I love fire. I always have. I’m just not very good at it. As a child I used to go camping with my dad, and we would build fires which would last for days. On a recent holiday I was able to sustain a simple fire for a few hours. Except that it was outdoors, and the tent we were staying in – replete with its own ventilated stove – was ice cold. That’s worse than a schoolboy error, when the night draws in.
Fire is there to heat things up, not to be in the fresh air while people huddle around in their coats. I had missed the point of the free wood, and had to buy more the next day. That’s how they get you, was my first thought, that dew-drenched morning. At least the stove had a gas bottle attached to it.
One of the things I desperately want to do with fire is to cook with it. I mean, that’s a given. The first thought I have when faced with anything interesting is “what can I eat?”: that’s just who I am. The idea of outdoor cooking on fire is therefore so enticing to me that I cannot but help myself to come back to it again and again. The successes outweigh the failures of such endeavours in my mind, so it seems like a fool proof thing to do. I have fire; therefore I can cook on it, and most spectacularly.
My first experiences of trying to cook on barbecues always involved those little tin foil things which you can optimistically pick up at any supermarket in the vaguely warm months in this country. I lit one up on the balcony of my student flat and confidently under cooked some chicken. The oven solved the cooking, but a bucket of paint was needed to make good the scorched wall I had placed the fiery tray too close to. Little was I to know that this would be one of the more successful meals I would ever attempt to cook over fire in the many years to come. Mostly because I got heat out of it.
Once I was living in a home I was actually part of owning, and which had some fireproof outdoor space, I bought a barbecue. Now, it must be stated that we have dogs, and that the outdoor space was then being used as a bathroom for the little fellows. Fire and small dogs doesn’t mix, so I had to put the barbecue on a stone plinth on a wooden table. So far so fucking stupid, but I’d had a few beers, so it seemed like less than a stupid idea. I filled the belly of the beast with coals and ignition.
And then I remembered my issue: I could get one corner of the fuel lit, but it would not stay lit and nor would it spread. I blew on the burgeoning embers and nearly passed out. I beat it with the box that the beast had come in, and only managed to produce smoke. After several hours of trying to force air in to charcoal to make fire I finally had enough embers to try and cook our meal on.
The problem was that it was now cold, and so was I. I had a fire in front of me, and the meat was well marinated, but I held such resentment for the fire that I could barely bring myself to cook upon it. I was in a position of being damned if I did, and equally fucking damned if I didn’t. And so I did.
From a food safety perspective, it is always best to finish barbecued food off in an oven. Thankfully. It is also always surprising how long it takes to roast some corn on a poorly fashioned pile of embers.
Apparently what we call in the UK a barbecue they call in the USA a grill. Conversely, what we call in the UK a grill they call in the USA a broiler. Likewise what they call in the USA a barbecue we call in the UK a smoker. Only a fucking huge smoker. I have not got one of those, and I never have had. OK?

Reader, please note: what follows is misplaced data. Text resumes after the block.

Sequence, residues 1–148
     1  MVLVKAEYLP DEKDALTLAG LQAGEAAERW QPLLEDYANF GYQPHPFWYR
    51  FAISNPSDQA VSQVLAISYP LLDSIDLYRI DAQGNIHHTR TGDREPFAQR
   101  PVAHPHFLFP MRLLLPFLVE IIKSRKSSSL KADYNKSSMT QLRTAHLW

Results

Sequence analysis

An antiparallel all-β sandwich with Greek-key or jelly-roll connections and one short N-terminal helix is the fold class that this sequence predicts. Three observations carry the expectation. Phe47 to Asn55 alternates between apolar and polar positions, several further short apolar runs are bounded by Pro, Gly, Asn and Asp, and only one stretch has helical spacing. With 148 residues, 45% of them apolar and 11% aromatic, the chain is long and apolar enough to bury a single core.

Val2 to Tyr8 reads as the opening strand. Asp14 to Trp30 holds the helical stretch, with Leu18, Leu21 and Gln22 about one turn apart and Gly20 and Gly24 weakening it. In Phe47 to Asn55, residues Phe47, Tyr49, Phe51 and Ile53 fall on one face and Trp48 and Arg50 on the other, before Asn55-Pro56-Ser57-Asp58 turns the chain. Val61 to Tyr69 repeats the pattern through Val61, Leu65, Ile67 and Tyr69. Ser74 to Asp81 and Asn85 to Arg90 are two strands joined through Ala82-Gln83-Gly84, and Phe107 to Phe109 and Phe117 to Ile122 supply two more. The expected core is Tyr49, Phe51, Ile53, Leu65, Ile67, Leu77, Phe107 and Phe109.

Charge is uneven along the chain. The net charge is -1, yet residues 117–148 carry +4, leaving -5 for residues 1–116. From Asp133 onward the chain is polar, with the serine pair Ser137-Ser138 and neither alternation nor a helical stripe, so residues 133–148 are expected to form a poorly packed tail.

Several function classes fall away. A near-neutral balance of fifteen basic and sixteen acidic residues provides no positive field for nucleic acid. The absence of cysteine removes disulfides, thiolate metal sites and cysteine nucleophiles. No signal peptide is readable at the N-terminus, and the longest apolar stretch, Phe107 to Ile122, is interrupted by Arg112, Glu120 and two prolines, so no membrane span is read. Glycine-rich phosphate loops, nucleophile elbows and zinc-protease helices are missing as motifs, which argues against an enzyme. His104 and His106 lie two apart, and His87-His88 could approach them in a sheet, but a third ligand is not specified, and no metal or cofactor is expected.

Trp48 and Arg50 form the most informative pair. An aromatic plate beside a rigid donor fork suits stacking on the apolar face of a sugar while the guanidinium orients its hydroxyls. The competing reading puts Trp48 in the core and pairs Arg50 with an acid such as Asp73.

I spell this out to take a meandering tangent along a street called gas barbecues. My brother-in-law has one, and I have coked on it. While I will openly deride him for it, I actually quite like it. It looks a lot like a full-sized barrel-style barbecue, only it has rocks in it, and a pipe coming out of it, which leads to a gas canister. Not a fire risk, apparently; that only comes with burning natural fuels.
My kettle barbecues – squashed spheres of metal which hinge at the back, and which hold quite a volume of coals, when you come to think about it – were crap. I would use them once, leave them covered in chicken fat, and let the winter snows take them for their own, only for my partner to evict them the following spring. I envied a more sustainable solution; I envied something I could light.
I never did get a gas barbecue, and I am a little sad about that. The reason I didn’t get one is that we didn’t have space for it. That and the fact that my partner finds such things as risible as I do. More on the space issue soon; I just want to point out that it is these gas-powered meat burners which I have, in my mind, labelled as “Grills”. It’s not correct, but that is what they will always be to me. That and clean.
Look, we didn’t have space for a grill, replete with its own cover so as to rebuff the advances of winter, but we did have room for a pizza oven. No, I think I’m talking rubbish too, but it is precisely what happened. And it turns out I am just as useless with that as I was with everything else.
My partner has always wanted a pizza oven. A brick built one, which one sets a fire in, where the temperature sky rockets to face melting levels, and can cook pizzas in seconds. Therefore I bought her a standing chimney, with a metal box underneath it, inside which an underwhelming pile of coals could be gently heated up in order to cook a pizza in a matter of hours. If you can get it lit at all.
It was a compromise, but one which I was excited about. I knew that she had always wanted her own pizza oven, but I had not realised how substandard this solution would turn out to be. The fire box is even more enclosed than the kettle barbecue before it, and so is far harder to light. It has a chimney, which projects the smoke more efficiently on to next door’s hanging washing. It takes a huge degree of planning to even consider thinking about using it. Basically, it hates me, and that’s that.